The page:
Jacketing, gabions and more
Stone masonry is a thing of the past. Is it ? Mankind used to build with stone for millennia because it's a locally available material. For this very reason people in many parts of the world still use it: being available locally makes it often cheaper than modern building materials that have to be transported from afar.
In richer parts of the world where building materials are cheap but the workforce expensive stone masonry has become a luxury. But its durability and esthetics make it a material of choice for buildings that should last. When used smartly stone masonry doesn't have to be that expensive, as demonstrated by arch. Perraudin.
Jacketing walls by adding a wire mesh on both sides is a way of adding coherence and tensile strength to the masonry. It is frequently used to strengthen existing stone or brick masonry walls. In retrofitting work jacketing is also employed to repair or strengthen reinforced concrete elements such as columns or beams.
Jacketing adobe buildings with a polymer wire mesh has given excellent results when applied together with mud mortar. This method is particularly interesting when used during the construction phase rather than being applied later on.
Gabion walls are made of galvanized wire baskets filled with stones. Gabions mostly used for retaining walls. However, architects have used them for design purposes, sometimes even with an seismic function.
In order to resist in time gabions must a) be made with galvanized steel wire with the correct strength and thickness, b) have the right size (not too long) and c) be filled in with carefully placed stone (not just thrown in).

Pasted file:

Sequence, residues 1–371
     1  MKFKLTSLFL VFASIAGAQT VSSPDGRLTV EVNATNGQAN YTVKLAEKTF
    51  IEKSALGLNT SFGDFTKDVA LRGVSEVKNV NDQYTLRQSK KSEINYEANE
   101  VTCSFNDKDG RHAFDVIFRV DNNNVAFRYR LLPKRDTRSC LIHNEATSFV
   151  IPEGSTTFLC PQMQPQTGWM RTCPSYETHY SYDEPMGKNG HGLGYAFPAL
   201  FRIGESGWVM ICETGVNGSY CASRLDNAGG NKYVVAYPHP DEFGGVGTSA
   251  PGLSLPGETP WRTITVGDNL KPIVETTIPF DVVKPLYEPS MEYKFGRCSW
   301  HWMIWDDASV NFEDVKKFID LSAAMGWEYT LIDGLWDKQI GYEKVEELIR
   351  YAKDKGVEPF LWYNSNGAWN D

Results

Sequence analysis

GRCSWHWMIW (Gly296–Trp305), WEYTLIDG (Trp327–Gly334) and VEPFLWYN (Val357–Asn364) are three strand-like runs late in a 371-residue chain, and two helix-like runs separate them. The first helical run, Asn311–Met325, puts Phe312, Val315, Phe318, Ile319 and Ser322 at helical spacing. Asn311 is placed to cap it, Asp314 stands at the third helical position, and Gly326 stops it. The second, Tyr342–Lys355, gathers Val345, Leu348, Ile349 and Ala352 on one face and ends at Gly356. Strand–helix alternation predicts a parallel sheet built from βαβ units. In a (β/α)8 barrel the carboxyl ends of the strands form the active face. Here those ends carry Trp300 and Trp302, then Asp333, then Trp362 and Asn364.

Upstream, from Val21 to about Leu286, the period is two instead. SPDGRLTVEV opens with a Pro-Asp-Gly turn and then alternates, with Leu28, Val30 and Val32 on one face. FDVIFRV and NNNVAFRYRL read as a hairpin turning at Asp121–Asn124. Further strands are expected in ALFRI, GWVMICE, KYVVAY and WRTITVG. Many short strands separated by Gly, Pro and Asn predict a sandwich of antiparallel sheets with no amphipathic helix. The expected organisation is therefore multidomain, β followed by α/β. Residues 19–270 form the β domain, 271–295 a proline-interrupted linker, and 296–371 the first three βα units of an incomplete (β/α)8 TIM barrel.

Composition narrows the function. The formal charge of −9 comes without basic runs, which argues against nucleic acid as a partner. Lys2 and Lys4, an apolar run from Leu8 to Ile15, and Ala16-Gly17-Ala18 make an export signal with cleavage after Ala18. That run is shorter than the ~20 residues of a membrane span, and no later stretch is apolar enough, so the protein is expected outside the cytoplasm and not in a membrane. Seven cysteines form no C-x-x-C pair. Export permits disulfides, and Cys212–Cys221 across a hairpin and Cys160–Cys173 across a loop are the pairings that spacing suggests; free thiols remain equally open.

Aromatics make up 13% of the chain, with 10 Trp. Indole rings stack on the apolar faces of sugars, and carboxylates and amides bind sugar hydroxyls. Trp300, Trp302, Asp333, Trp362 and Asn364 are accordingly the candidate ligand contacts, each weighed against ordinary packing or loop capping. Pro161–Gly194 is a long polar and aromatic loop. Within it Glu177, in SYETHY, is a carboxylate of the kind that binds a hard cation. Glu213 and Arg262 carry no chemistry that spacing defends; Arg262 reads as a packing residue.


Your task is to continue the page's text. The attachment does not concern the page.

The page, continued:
Construire en mur de pierres confinées: Améliorer l'habitat des populations fragiles au Maroc, par Architecture et Développement (Association de solidarité internationale). Voir aussi la vidéo.
Comment by tom: Good against earthquakes, but cheap enough for poor communities?
on retaining walls
Pure dry stone retaining walls, as they have been made for centuries, are rarely built these days. At most, the front part is built with stone while the back towards the earth is cast in reinforced concrete. Much century-old know-how been lost. Retaining walls are inherently dangerous and should be calculated by a civil engineer.
However, for low walls basic know-how and good reasoning may be sufficient. Architects, nobody expects you to understand the calculations in the following documents. But please study the illustrations, they already offer good explanations.
on stone masonry in general
Here a small collection of documents that came handy when working on stone masonry. The field manual by the Joint Research Centre of the European commission offers an excellent classification of various types of stone
masonry (from page 27 onward). The tutorial by Bothara and Brzev provides an overview of stone masonry from many parts of the world and gives some useful notions on retrofitting in chapter 4.